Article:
Advance Your Career: Blog

Advance Your Career: Blog

Arlyne Johnson teaches tomorrow’s leaders in Environmental Conservation master’s program

Arlyne Johnson led wildlife research and conservation programs for the Wildlife Conservation Society in Asia and Latin America from 1988 to 2011. Now she’s at Foundations of Success, helping organizations that work on biodiversity conservation projects in Asia, Africa, and North America.

Johnson also teaches Conservation Planning at the University of Wisconsin-Madison’s Environmental Conservation Professional Master’s Program. The flexible program prepares students for leadership positions in environmental groups, government organizations, and related businesses.

“In my class, students work in teams to prepare a strategic plan for a conservation project or program,” Johnson says. “The types of organizations they might work with range from the International Crane Foundation to U.S. government agencies.”

In the Environmental Conservation Professional Master’s Program, students complete courses on the UW-Madison campus throughout the first summer and fall semesters. The spring courses are delivered online so students can participate from any location. The final semester is a summer leadership experience, which can take place anywhere in the world. It allows students to apply lessons they’ve learned about conservation planning, environmental policy, and sustainable development.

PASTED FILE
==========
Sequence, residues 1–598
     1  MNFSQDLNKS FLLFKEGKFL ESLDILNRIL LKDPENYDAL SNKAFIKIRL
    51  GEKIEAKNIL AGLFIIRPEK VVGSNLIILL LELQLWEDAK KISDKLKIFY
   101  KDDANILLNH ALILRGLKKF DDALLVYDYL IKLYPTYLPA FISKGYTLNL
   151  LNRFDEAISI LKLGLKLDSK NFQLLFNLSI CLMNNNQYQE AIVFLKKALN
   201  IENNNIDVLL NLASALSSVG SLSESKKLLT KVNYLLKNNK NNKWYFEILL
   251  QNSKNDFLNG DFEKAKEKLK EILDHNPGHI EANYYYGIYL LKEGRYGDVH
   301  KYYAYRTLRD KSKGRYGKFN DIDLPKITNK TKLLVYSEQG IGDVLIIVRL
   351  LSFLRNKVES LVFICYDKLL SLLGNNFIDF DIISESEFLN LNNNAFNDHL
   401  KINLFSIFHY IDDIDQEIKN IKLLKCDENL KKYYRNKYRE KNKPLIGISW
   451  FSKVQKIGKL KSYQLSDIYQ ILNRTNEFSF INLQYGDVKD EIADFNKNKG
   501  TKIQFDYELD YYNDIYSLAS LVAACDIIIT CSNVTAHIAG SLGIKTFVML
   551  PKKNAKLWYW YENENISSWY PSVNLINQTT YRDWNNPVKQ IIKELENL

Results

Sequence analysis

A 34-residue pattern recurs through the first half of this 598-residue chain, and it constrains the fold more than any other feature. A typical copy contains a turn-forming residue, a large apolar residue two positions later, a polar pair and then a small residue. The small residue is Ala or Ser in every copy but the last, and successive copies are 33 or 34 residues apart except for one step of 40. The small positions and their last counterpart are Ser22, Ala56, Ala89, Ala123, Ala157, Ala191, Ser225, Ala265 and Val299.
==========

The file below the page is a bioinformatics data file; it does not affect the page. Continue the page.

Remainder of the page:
Solving conservation problems                        

Students come to Johnson’s class with a variety of professional experiences. She helps them learn the skills they’ll need to apply for jobs in the environmental conservation field.

“As students work through the program, I can see that they will be leaders in conservation organizations and projects,” she says. “I’ve heard from many of my colleagues in the conservation profession that these are the types of people they’re looking for and are critical for solving conservation problems.”

Learn more about Johnson in the video above. For more information about the Environmental Conservation Professional Master’s Program, see here.